Los Angeles finds itself in daily battle with rats, disease
Stemming from growing homeless epidemic
William Covington OW Contributor | 6/27/2019, 9:56 a.m.
The city of Los Angeles has found itself battling diseases form the dark ages borne by both fleas and feces. An LAPD officer was diagnosed recently with typhoid fever (caused by a bacteria) along with two more colleagues displaying symptoms. Cases of typhus (from fleas), caused by a different bacterium, have soared in California from 13 in 2008 to 167 in 2018.
There have been outbreaks of hepatitis A, tuberculosis, and staph infections in Los Angeles and other West Coast cities.
A homeless individual, James Campbell, lives at the so-called “ground zero” (immediately south of Downtown Los Angeles) of the epidemic and describes how his environment is laden with waste, rotting food and the odor of open communal toilets
‘Ground zero’ no longer isolated to Skid Row
“At night rats dart through a maze of debris, and I fear the consequences of being bitten,” Campbell said. “Living with them causes me to worry about all those diseases that are resurfacing like typhoid fever, typhus, hepatitis, and tuberculosis. I have been living around rats so long I believe I understand them. I have observed them shrink in size to climb inside a concrete vault off the Harbor freeway. I have heard their squeals after dashing them with hot coffee. I have observed rats eating dog waste [while avoiding human waste].”
Rats and other vermin tend to consume fecal matter from animals rather than human waste, according to Dr. Robert Blanchard, a zoologist with the College of Social Sciences at the University of Hawaii. Blanchard focuses on bio-behavioral emotion systems—including aggression and defense—and the behavioral and physiological consequences of social stress. He believes homeless individuals are in harm’s way when living with rats, especially if the rodent is cornered or faces injury.
Rats will use the following defense mechanisms: vocalization—which consists of a hiss sound—followed by a jump or a stance on its hind legs. Often, a cornered rat will launch a “jump attack” for the face. Blanchard believes that while such attacks are rare, the city of Los Angeles should be more focused on the typhus which is transmitted by bites from fleas carried by rats and cats that serve as hosts.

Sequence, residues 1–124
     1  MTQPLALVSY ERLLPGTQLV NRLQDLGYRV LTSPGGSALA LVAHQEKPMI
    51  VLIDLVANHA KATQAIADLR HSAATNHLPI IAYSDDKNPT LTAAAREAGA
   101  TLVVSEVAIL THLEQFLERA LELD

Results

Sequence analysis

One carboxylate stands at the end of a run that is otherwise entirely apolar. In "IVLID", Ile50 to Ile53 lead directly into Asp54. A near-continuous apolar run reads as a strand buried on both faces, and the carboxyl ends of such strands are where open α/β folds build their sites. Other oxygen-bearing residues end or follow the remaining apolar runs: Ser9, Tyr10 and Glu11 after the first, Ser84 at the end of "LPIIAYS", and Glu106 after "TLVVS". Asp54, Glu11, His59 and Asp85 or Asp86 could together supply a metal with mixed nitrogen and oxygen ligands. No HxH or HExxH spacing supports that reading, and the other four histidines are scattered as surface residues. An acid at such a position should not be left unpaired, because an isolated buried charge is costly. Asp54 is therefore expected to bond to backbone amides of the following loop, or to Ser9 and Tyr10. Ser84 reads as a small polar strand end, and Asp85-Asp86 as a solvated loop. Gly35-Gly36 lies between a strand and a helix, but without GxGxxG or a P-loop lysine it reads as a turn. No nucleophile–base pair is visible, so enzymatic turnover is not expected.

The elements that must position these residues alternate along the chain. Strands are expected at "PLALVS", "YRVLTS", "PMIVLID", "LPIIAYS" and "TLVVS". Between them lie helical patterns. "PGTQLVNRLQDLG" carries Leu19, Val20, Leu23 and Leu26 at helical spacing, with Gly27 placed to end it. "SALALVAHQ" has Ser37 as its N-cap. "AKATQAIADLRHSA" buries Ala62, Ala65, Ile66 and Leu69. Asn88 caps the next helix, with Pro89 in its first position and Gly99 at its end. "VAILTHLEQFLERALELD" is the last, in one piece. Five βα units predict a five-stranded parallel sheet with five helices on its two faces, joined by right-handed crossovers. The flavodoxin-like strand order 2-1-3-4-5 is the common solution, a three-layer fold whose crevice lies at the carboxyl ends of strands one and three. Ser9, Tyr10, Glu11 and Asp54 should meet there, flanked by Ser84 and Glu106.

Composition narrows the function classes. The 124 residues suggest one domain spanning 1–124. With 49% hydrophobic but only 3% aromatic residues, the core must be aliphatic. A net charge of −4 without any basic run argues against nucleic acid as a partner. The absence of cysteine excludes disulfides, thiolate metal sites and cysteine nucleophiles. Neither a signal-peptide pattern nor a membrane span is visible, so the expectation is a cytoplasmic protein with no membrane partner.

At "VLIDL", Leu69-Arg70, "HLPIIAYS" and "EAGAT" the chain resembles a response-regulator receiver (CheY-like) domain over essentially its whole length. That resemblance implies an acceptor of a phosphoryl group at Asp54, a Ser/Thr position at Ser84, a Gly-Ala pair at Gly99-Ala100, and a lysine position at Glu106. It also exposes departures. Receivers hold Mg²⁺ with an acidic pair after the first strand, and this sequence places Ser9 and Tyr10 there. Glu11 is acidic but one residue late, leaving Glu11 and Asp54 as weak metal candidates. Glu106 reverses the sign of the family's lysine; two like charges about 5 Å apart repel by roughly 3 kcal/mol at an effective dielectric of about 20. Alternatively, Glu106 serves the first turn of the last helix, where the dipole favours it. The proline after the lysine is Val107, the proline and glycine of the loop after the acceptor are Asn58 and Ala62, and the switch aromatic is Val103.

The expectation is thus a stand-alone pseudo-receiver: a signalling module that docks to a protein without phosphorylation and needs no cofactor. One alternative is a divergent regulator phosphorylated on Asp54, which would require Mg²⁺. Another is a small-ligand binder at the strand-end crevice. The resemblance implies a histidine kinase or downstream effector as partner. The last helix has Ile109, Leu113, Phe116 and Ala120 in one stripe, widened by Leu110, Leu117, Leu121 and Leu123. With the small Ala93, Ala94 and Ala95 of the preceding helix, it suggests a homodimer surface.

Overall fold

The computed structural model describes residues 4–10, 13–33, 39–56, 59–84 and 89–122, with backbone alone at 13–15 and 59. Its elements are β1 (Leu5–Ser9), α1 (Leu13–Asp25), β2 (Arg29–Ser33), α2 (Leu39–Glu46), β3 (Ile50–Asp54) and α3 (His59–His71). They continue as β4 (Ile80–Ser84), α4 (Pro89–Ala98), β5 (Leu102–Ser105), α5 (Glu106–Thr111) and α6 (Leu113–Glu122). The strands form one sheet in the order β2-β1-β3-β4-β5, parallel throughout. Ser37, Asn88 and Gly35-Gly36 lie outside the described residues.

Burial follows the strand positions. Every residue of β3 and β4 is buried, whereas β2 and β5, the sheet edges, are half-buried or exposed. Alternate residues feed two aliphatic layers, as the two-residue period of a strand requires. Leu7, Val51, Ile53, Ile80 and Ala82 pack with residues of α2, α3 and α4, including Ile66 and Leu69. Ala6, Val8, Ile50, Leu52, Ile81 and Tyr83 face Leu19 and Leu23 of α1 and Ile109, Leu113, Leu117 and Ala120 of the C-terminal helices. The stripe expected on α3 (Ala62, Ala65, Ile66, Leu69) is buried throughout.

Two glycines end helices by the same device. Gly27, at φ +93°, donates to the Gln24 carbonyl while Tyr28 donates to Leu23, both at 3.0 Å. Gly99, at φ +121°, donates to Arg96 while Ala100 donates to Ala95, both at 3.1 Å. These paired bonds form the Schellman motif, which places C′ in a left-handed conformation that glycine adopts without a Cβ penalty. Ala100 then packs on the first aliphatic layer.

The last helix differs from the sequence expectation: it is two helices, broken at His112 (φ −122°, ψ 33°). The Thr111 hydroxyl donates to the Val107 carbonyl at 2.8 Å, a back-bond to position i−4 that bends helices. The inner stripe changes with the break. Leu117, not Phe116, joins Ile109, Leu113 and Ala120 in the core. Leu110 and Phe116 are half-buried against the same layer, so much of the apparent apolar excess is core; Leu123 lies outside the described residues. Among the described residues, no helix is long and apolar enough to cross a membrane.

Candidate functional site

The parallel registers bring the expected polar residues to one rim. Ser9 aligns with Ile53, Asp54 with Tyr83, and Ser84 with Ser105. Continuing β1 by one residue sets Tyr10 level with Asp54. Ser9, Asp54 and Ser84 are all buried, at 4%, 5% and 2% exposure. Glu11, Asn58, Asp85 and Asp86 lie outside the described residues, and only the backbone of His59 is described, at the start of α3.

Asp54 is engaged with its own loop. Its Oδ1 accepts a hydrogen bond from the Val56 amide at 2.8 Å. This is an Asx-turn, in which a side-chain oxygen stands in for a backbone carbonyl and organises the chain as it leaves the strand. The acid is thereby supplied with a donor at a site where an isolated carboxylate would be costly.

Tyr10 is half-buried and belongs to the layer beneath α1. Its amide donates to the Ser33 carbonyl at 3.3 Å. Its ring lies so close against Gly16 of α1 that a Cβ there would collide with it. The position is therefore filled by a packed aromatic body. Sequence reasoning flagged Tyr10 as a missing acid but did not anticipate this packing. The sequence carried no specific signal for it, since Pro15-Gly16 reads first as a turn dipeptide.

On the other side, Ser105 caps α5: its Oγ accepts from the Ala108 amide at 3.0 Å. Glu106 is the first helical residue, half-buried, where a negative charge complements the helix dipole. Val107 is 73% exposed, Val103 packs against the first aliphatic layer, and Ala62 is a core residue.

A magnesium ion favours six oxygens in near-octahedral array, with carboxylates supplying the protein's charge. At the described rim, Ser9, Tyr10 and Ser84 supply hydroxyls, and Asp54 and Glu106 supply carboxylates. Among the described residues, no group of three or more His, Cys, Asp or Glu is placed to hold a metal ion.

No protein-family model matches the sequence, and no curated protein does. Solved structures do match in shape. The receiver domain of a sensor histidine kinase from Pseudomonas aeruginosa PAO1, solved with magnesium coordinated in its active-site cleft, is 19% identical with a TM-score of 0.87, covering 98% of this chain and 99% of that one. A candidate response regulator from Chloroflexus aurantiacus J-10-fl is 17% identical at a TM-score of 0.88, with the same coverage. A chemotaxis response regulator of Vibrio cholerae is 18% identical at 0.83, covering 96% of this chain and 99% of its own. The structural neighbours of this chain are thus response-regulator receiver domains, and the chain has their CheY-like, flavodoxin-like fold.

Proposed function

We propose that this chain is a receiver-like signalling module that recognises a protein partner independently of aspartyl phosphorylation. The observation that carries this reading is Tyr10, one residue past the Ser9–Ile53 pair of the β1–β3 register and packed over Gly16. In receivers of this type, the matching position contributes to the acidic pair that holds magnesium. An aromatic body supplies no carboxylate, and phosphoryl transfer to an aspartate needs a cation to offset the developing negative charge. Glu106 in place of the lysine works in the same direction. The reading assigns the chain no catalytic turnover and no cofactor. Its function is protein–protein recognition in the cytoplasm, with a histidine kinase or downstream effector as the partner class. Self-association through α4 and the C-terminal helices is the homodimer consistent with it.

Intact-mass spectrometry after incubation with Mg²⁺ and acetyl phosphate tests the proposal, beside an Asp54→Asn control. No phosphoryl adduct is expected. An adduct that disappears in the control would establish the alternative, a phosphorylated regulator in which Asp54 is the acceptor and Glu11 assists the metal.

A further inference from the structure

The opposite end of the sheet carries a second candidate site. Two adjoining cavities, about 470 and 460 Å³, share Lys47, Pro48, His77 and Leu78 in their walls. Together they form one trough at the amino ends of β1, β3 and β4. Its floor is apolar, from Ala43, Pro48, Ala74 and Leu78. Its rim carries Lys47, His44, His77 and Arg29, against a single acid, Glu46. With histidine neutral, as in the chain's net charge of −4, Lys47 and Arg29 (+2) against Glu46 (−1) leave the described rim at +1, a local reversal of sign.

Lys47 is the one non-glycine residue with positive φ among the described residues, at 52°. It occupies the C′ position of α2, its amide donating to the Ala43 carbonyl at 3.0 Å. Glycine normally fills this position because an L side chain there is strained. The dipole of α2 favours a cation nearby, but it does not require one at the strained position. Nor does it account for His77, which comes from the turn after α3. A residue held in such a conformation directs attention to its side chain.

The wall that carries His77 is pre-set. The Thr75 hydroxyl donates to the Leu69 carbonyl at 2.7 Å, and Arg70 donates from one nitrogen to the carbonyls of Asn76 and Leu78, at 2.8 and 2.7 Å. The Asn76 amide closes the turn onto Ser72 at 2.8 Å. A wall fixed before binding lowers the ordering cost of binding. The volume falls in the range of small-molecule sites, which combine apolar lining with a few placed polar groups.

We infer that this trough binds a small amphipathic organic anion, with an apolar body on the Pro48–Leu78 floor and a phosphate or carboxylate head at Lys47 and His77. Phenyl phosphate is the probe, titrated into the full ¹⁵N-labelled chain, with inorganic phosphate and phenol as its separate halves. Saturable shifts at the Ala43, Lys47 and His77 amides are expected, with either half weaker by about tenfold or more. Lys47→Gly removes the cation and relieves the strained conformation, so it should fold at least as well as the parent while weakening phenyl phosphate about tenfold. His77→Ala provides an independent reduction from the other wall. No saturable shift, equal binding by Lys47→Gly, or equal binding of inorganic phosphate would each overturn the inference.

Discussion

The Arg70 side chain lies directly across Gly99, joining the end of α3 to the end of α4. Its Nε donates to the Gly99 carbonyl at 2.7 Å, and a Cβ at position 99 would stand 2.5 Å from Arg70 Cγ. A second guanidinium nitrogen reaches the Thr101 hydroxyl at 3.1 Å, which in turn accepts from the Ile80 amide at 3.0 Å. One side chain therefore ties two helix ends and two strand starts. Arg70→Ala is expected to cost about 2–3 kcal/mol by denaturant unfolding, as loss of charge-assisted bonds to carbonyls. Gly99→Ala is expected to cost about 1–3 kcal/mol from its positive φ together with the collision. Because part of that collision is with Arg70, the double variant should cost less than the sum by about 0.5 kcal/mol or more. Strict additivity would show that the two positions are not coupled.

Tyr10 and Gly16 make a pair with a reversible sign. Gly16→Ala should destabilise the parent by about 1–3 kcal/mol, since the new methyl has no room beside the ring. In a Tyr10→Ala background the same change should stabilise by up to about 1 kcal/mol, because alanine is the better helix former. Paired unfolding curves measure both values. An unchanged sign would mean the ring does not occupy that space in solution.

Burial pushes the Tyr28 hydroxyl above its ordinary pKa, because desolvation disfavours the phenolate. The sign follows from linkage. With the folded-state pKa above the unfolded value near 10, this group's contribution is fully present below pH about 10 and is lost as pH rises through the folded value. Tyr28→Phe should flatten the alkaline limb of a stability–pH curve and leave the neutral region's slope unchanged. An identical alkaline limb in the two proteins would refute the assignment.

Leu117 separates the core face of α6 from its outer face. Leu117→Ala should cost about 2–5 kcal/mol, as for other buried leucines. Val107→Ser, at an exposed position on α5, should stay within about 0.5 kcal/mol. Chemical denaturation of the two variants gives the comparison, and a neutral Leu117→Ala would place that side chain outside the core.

Potentially deadly health hazard
Campbell keeps bleach, alcohol, trash bags and hand sanitizer in his homemade shelter. He regularly sprays a mixture of water and bleach around the perimeter of his shelter, thereby keeping himself and the area clean and disease free. He said this practice is a top priority he learned while incarcerated at the Men’s Central Jail in Downtown Los Angeles.
“ I was locked up in jail, during the flesh eating bacteria scare in 2005,” Campbell explained. “I noticed the Hispanics—who kept to themselves—had a designated toilet that they kept extremely clean. That toilet was only used to do laundry, a type of jailhouse wash machine. I saw them beat up other Hispanic inmates—those that had hygiene issues. Hygienic discipline was their protection against flesh eating bacteria. Filth breeds disease.”
Campbell said the homeless encampment he is in is breeding disease because it lacks “hygenic discipline.” He stays along the Harbor Freeway in South LA, and according to him, it is often littered with rotting food, needles, human and dog waste, trash and the stench of urine.